On the cover of a CDC crisis communication hand book are three direct suggestions: “Be first. Be right. Be credible.” It encourages public health experts to be transparent and not to shy away from reasonable speculation, as Cartter offered last week when asked to put the likely impact on Connecticut in concrete terms.
“These are the questions that everyone is thinking about, and to which they want expert answers,” the book says. “Although it’s often impractical to fuel ‘what ifs’ when the crisis is contained and not likely to affect large numbers of people, it is reasonable to answer ‘what ifs’ if the ‘what ifs’ could happen and people need to be emotionally prepared for them.’ ”
He teaches at Yale and UConn, and one of his interests is the history of epidemics, as was evidenced during a coronavirus briefing for lawmakers on March 6. Cartter told them everyone in the room had survived one influeza pandemic in 2009 and many a second one in 1968.
“How about three, three pandemics? OK, 1957 influenza pandemic?” he raised his hand. “Me, too.”
Cartter is 66, born in 1953. He is married to a public health nurse. They have two daughters, ages 26 and 28.
He also is director of the Connecticut Emerging Infections Program, a joint effort of the Connecticut Department of Public Health, the Yale Department of Epidemiology and Public Health, and the Centers for Disease Control and Prevention in Atlanta, Ga. The program is one of 11 sponsored nationally by the CDC that uses population-based surveillance to evaluate methods for the prevention and control of infectious diseases.
Cartter grew up in Cheshire and spent the 1971-72 year in Thailand as a high school exchange student, where he learned to speak Thai and considered becoming a doctor. He graduated from Wesleyan with a degree in biology, earned his medical degree at the University of Rochester and trained in internal medicine at Rhode Island Hospital.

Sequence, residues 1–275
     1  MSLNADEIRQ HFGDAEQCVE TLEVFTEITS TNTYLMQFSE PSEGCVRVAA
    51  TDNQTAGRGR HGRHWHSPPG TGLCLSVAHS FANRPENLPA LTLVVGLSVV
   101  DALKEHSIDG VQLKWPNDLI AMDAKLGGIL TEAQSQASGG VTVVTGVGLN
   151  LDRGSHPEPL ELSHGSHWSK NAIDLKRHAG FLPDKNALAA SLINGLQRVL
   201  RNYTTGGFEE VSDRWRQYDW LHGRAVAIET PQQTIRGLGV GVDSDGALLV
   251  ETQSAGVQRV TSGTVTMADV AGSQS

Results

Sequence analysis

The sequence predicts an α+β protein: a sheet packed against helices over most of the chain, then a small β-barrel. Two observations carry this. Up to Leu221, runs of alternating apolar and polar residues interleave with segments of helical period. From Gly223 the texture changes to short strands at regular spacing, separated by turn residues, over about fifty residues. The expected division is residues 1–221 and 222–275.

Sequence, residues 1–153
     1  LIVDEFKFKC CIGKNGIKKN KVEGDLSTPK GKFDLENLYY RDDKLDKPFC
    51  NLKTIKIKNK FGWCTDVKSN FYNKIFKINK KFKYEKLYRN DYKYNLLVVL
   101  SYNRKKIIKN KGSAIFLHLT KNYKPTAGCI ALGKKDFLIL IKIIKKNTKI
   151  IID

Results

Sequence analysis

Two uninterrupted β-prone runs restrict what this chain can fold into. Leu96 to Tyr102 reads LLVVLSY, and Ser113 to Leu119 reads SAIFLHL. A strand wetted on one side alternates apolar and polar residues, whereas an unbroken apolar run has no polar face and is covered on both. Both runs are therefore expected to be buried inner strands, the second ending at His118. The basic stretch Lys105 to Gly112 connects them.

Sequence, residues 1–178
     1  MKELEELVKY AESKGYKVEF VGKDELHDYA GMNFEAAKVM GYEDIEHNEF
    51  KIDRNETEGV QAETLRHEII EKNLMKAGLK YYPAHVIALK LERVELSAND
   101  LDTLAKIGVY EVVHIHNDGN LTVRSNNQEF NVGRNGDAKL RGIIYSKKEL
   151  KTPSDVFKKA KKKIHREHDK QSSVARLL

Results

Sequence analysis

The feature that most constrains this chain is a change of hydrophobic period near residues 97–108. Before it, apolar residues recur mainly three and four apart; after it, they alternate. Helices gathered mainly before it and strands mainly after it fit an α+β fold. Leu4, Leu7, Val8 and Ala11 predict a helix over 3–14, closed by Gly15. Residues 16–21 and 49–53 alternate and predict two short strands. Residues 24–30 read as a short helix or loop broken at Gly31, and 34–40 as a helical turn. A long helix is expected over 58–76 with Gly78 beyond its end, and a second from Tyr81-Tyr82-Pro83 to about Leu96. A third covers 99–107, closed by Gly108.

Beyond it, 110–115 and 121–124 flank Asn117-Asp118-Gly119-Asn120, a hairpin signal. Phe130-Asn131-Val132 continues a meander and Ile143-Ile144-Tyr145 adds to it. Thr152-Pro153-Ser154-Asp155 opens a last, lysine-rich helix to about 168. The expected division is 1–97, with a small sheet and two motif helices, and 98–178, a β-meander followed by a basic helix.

Cartter started his career as a disease detective after completing his residency, joining the U.S. Public Health Service and serving in the epidemic intelligence service. He spent a year in Alaska at the Arctic Investigations Laboratory, then a year with the Department of Public Health in Connecticut.
“They asked me to stay on as a state employee for a year, then another,” he said. Cartter smiled and said, “It’s been 35.”
He started as a state employee in August 1985, a month before Rock Hudson died of AIDS, a disease that would challenge epidemiologists. He learned by watching Dr. James Hadler, the state epidemiologist who became his mentor.
“Jim was the only supervisor I had for 23 years,” Cartter said.
When Hadler retired in 2008 and turned to teaching, Cartter succeeded him, tracking contagious diseases and educating the public. West Nile Virus, Eastern Equine Encephalitis and SARS each presented their own professional challenges and provoked public fears.
In 2001, public health and national security became intertwined as letters containing anthrax were mailed to political and media figures. Connecticut disease detectives had to track how a 94-year-old widow who rarely left her house in Oxford had become the country’s fifth anthrax fatality. She appeared to be an unintended victim, her mail contaminated at a mail handling facility.
Ebola kept the infectious disease staff at the state DPH on the run in 2014, monitoring returning travelers. “It was like being on every day, all day for a year and a half,” Cartter said. “It was a trying time. We learned a lot. That was also the first declaration of a public health emergency in Connecticut.”
Cartter got a master’s degree from the University of Connecticut in 1996, taking night courses for six years. With others from the DPH, he teaches a course at Yale on outbreak investigations. The course began in January, about the same time as COVID-19 appeared in the U.S.
With Yale closed due to the pandemic, the course will continue online.